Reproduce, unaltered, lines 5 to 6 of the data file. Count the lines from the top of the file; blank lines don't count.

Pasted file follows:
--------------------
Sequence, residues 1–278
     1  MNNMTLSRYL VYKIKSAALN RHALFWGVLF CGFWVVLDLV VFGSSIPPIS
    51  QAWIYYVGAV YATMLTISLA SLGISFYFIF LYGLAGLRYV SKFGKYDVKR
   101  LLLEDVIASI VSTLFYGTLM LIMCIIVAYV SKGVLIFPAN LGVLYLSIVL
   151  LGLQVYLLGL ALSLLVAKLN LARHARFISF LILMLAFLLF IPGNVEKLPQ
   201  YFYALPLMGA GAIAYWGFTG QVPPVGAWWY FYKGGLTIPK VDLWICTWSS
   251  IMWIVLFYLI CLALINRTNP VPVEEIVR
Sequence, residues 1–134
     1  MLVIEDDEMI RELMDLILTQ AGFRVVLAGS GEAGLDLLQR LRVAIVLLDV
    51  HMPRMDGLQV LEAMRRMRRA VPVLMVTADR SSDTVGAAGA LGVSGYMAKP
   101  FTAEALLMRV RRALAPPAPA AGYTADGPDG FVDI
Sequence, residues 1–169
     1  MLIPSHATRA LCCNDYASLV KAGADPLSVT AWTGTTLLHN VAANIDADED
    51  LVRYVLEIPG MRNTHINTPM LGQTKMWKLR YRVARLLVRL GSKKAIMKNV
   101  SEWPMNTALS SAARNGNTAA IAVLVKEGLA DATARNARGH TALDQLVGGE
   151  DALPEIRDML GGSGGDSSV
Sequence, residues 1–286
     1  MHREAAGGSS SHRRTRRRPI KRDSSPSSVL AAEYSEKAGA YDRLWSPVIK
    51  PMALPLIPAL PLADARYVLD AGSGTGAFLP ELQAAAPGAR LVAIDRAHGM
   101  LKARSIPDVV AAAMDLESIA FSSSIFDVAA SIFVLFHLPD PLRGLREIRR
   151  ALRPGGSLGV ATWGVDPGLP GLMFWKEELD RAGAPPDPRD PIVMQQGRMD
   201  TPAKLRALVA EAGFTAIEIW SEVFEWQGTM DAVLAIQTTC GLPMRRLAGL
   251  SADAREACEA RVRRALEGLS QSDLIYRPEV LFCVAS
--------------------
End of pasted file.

   151  LGLQVYLLGL ALSLLVAKLN LARHARFISF LILMLAFLLF IPGNVEKLPQ
   201  YFYALPLMGA GAIAYWGFTG QVPPVGAWWY FYKGGLTIPK VDLWICTWSS